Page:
Remember that once you’ve sold the remaining years of your lease, you can bet the government will be waiting to swoop in and take the property back from you when time’s up, whether you’re already dead or not.
There have been reassurances that you will not be left out on the streets to rot if you outlive what’s left of your lease, but who knows what sort of alternative accommodation options you will have?
If not the Lease Buyback Scheme, what else can the elderly do?
The Lease Buyback Scheme is, very bluntly put, a last resort, for people who have no other options. If you’re not that desperate for the money right now, you have a few options.
First, consider selling your flat on the HDB resale market and downsizing to a smaller flat. This is a good option if the property value rises during your lease, as you’re likely to get more from a sale than from HDB’s deflated valuation of your remaining lease.
You can take the money and buy a smaller flat, or move into, say, a studio apartment in a retirement condo that has more appropriate facilities for the elderly.
If you really really love your flat and want to live in it for the rest of your life, another option you can consider is to rent out the spare rooms. This allows you to make money from the underutilised rooms without the risks inherent in the Lease Buyback Scheme. Plus, you’ll be getting the money in cash rather than CPF topups.
Who would benefit from the Lease Buyback Scheme?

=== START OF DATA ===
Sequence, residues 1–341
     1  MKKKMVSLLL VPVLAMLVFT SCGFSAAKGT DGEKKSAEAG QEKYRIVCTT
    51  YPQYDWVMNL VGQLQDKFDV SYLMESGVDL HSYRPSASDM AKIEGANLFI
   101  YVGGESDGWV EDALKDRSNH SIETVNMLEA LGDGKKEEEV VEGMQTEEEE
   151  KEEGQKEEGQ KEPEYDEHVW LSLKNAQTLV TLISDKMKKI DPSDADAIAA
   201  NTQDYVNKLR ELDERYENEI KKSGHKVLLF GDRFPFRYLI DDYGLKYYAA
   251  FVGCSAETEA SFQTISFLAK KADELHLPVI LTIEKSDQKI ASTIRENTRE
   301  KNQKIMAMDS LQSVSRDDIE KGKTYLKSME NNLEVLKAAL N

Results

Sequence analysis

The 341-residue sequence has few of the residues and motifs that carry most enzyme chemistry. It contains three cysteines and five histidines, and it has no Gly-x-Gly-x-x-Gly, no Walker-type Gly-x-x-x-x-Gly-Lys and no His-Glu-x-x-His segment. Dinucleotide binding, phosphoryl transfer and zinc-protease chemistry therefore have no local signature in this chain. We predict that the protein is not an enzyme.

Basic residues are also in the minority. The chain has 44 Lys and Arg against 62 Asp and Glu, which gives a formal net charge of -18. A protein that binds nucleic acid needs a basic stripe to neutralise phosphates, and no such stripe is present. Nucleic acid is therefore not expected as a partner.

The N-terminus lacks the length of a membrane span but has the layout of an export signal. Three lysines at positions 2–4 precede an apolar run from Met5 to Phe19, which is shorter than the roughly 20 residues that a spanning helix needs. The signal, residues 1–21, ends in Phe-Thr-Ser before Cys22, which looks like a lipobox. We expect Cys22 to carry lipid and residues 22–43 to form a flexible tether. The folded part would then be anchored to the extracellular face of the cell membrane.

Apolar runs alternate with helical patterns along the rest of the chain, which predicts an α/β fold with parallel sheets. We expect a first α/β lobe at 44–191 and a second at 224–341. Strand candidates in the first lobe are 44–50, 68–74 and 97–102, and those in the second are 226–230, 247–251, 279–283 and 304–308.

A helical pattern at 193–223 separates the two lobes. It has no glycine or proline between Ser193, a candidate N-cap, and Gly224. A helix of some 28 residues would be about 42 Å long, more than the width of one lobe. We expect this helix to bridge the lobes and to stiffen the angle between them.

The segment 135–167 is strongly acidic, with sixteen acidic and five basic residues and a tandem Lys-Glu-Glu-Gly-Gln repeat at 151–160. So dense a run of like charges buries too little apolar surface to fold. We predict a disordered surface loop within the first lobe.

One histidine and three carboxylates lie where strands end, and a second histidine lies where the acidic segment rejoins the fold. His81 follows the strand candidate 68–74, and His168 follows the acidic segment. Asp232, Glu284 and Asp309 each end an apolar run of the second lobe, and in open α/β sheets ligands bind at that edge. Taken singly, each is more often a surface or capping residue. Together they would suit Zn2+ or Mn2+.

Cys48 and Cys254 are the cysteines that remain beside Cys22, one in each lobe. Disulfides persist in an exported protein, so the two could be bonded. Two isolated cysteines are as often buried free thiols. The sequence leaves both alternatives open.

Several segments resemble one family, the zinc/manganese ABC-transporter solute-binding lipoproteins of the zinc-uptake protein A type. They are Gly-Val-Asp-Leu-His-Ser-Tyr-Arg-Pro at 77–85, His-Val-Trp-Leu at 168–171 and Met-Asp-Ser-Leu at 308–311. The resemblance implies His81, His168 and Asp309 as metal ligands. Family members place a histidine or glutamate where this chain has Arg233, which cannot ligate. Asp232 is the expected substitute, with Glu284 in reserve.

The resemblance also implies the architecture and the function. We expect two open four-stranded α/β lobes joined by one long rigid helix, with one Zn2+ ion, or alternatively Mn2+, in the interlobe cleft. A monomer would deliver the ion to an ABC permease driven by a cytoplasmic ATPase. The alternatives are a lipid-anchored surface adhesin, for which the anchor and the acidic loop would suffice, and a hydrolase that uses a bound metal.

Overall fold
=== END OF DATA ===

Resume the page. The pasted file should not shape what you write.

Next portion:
The Lease Buyback Scheme allows the elderly Singaporeans to stay in their homes for the rest of their lives, and to live comfortably on the lump sum cash payout + proceeds from their Retirement Account.
So, you might benefit from the Lease Buyback Scheme if…
You have no retirement savings to speak of: Need money urgently in your golden years, but forgot to start saving money earlier on? The Lease Buyback Scheme gives you a lump sum payout, as well as ensuring that you can get a decent amount monthly through CPF Life.
You’re not worried about outliving the shortened lease: When you sign up for the Lease Buyback Scheme, HDB will probably still take back the house whether you’re dead or alive on the “due date”. Although HDB will supposedly help you to make sure you’re not homeless, any new housing arrangement is on a case-by-case basis.
You don’t need to hold on to the house beyond your life: You’ll probably only be comfortable returning the lease to the HDB if you have no kids or confirm guarantee chop that your children won’t want to live in the house when you’re gone.
If you or a family member are seriously considering doing the Lease Buyback thing, at least do the math before making a decision instead of blindly going with the most convenient option.
Would you participate in the Lease Buyback Scheme? Tell us in the comments!